The Dark Knight
Nolan wanted to make The Dark Knight with as many practical effects as possible, using CG only when absolutely necessary. This film only had about 650 visual effects shots, but one scene they used CG was when Batman was on a building in Hong Kong, he jumped off that on a green screen.
Also, some of the flying and barreling through windows were done with the green screen. They had to use special effects for the face of Harvey Dent in the scene pictured above. They shot mainly at night and blew up buildings that were scheduled to be demolished for some of their shots.
The green screen was used often in The Matrix, with all of the tricks that go on in the movie. The 'bullet time' is a king of slow-motion where the camera moves around the characters in what seems to be less than a single second.
All of the visual effects in the trilogy come from the director's innovative visual style. Several scenes were shot on the green screen, and the backgrounds were replicated in CGI, using photos of the real location. The actors also had to be held in position by wires.
Beauty and the Beast
For the live-action remake of Beauty and the Beast, Disney needed to cast someone who could play both the beast and prince charming. Dan Stevens was able to transform into the beast with motion capture technology and CGI.
He had to wear a bulky 40-pound suit to capture the larger frame of the beast. After filming the live scenes, they would use computer technology to turn him into the beast. They also used the green screen for the other characters.
The Martian would not be possible without special effects because they obviously couldn't go to space to film the movie. There's plenty of green screens that fill in for Mars, and when it looked like he was going for a stroll on the desert planet, it was nothing more than him moving through some sand on Earth.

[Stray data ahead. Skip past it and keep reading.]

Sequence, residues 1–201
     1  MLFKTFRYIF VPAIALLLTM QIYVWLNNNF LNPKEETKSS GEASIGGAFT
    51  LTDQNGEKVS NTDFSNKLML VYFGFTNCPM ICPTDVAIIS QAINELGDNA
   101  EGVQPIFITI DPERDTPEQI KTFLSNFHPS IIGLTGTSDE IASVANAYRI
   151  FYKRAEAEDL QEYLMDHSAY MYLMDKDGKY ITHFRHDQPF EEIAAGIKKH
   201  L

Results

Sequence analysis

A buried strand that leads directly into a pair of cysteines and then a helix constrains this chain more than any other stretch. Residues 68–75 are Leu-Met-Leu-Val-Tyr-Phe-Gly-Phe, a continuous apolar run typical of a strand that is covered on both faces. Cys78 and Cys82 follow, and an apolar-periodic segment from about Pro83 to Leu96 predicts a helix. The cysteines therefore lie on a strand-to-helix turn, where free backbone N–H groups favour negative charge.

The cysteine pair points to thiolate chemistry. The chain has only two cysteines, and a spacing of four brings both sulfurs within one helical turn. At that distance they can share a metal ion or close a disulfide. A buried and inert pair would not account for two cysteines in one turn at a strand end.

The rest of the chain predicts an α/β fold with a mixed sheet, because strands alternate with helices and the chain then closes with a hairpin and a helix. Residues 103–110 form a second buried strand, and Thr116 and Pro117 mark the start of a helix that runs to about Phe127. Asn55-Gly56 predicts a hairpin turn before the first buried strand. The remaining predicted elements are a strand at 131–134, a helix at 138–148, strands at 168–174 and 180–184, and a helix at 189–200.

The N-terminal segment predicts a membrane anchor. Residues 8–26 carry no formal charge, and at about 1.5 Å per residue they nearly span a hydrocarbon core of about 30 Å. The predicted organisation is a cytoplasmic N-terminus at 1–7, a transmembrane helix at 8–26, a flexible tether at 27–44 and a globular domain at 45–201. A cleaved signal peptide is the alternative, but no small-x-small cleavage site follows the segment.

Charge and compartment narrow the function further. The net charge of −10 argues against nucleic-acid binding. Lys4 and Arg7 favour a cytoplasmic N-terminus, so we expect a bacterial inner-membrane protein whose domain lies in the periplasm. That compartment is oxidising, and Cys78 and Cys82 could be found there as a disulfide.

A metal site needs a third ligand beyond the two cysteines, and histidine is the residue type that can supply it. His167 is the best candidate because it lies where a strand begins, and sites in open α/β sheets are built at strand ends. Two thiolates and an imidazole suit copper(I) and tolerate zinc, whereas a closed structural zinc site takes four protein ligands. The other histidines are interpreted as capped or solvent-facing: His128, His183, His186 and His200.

The desert of Wadi Rum was also used to fill in for the backdrop of Mars. Matt Damon filmed most of the movie with green screens and by himself; he needed a lot of imagination while acting.
Shooting in front of green screens has become a standard part of the filmmaking business, and making Jumanji was no different. Some actors think of the green screen as a blank canvas and find it very cool. The cast never filmed in the jungle; it was all green screen acting.
"Playing on that green screen are the most interesting days. Nothing is there. You're literally with your director who has all of this in his head." ---- Kevin Hart.
In Star Wars, a lot of the film is special effects. Digitally-created characters are present in the movie; the same layering digital effects were used to create a character by them wearing a motion capture suit. The Star Wars franchise's visual effects have earned the series a permanent place in the evolutionary history of VFX.
As you can see in this photo, dogs in suits are used to create large robot creatures; they do the live-filming and then use the computer to finish the creation.
In the movie Aladdin, the carpet ride isn't really as romantic as it looks on the screen. They were required to climb up 15 feet into the air and perch on top of a moving rig. They were tied in and situated in front of a blue screen.
The green screen was used often in the remake, and the movie was criticized for not doing the original justice. Abu, the monkey, is an entirely computer-generated creation, and of course, when Will Smith is the genie, he is also computer-generated.
Spiderman was a very tricky movie in regards to special effects. He is always jumping from one place to another and swinging around. Almost all of that is with a green screen and computer-generated technology. There were many simulated elements to add in later, and it took a year after filming to create the finished sequence.
They created screen tests, and the results were so realistic that even Spider-Man himself couldn't tell the difference. They did do as many stunts as they could without the special effects.
In Insurgent, there were roughly 1,024 visual effects shots. There was a lot of special effects work with the train, the pit, the zip-line, and the landscapes. As you can see, the mirror room was just an all-green room. It had a lot of green screens, and they had to rebuild the city in every direction.
There were many wires, split screens, green screen replacements, clothing fixes, heavy paint, and keying work. Insurgent is a visual effects extravaganza, with panoramic sci-fi environments, crumbling urban cityscapes, and action sequences on par with the best Hollywood have to offer.
The set for Maze Runner was a platform filmed against a green screen. In some of the scenes, Weta Digital added effects, matching real explosions with CG ones, plus additional crowds and even some unfortunate souls flying through the air. When jumping, the actors would actually jump but not very far and onto mats.
Most movies that we watch have a high percentage of special effects that make you think that what you are watching is real. If they did a good job, it will look real, and you won't be able to tell the difference.